Clean homes are safe homes, for the people who live in them and the friends and family that come to visit. For anyone wondering what safety standards they should be cleaning to, with safety in mind, the latest CDC guidelines for cleaning and disinfecting your home are essential.
We are passionate about cleaning and disinfecting solutions. And we want you to have the best information available. So, we’ve summarized the key CDC points below. Read on to find out about their latest recommendations!
Different steps for different situations
Broadly speaking, the CDC guidelines for cleaning are broken into:
- Everyday cleaning
- Cleaning when someone is sick
Of course, when a member of the household is sick (with COVID-19 or any other infectious illness), the recommended cleaning steps are quite a bit more intense. We’ll start by summarizing the daily steps. Then, we’ll detail the more thorough steps to follow when someone is ill.
Everyday cleaning recommendations
These are the 4 core recommendations made by the CDC for daily cleaning steps:
- Choose a household cleaning product or products with soap or detergent. This reduces the number of germs present after cleaning a surface.
- Focus on high-touch surfaces such as tables, counters, doorknobs, etc.
- Address other areas that are visibly dirty.
- Read and follow all safety and use instructions on the label of your chosen cleaning product(s).
CDC Cleaning recommendations when someone is sick
If a member of the household catches an infectious illness like COVID-19, or if an infected person has been in the home in the past 24 hours, the CDC recommends:
- Use a product specifically designated as a disinfectant.
- Isolate the sick person to their own separate bedroom and bathroom whenever possible.
- If the sick person is able, they should clean and disinfect any common items they interact with immediately after use.
- If the sick person can’t clean, any person interacting with them, entering their space or cleaning their items should wear gloves and a mask when doing so.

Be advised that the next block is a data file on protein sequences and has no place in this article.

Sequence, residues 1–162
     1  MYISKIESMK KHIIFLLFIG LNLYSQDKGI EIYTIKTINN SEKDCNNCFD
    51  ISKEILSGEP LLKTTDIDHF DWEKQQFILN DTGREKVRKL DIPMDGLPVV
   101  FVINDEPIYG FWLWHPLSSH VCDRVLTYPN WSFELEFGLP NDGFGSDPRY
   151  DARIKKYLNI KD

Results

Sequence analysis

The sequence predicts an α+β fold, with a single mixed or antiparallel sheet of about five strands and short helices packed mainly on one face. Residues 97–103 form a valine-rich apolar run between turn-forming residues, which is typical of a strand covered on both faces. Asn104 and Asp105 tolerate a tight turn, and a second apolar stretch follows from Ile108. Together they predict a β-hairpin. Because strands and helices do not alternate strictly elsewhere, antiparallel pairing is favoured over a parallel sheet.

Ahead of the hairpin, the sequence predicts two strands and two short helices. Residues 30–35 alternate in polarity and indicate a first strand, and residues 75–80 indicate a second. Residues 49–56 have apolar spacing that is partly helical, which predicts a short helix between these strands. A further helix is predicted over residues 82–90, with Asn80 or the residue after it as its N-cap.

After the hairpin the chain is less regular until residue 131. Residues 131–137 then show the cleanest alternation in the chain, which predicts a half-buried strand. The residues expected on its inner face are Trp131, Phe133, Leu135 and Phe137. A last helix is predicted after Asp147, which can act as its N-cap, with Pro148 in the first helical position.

- Limit cleaning to what is absolutely necessary. This limits the risk of disease transmission through close contact.
- After a sick person has recovered and their quarantine is done, wait as long as possible to clean and disinfect their quarantine space. If you can wait more than 24 hours, disinfection is no longer necessary.
What to know about disinfectants
Our blog about how to choose a disinfectant covers the process of selecting an appropriate disinfectant in more detail. Generally speaking, it comes down to two key factors: Can it kill the virus or bacteria of concern, and can you use it safely?
Refer to the EPA List N tool to confirm if a product is considered capable of destroying COVID-19 virus on surfaces. For more information on how to use and interpret results on the EPA List N tool, you can refer to this step-by-step blog.
As for safe use, every disinfectant should come with a clear set of instructions and PPE requirements. Chemical disinfectants may require the use of gloves and skin protection, masks, or eye protection. Always wear the appropriate PPE to protect yourself while using a chemical disinfectant, and always wash your hands after use even if gloves were worn.
Are these guidelines likely to change?
While the CDC is always updating their recommendations based on the latest available research, the core steps outlined here are unlikely to change in a major way. The big exception would be if a new virus were to emerge. Just like with COVID-19, these recommendations would likely become much more stringent in the beginning. Then they would gradually relax over time, due to a better understanding of the virus.
Visit the EnviroPro Solutions store page to check out our disinfectants and electrostatic sprayers. And stay tuned for an exciting announcement! Expect some shiny new solutions to be arriving soon!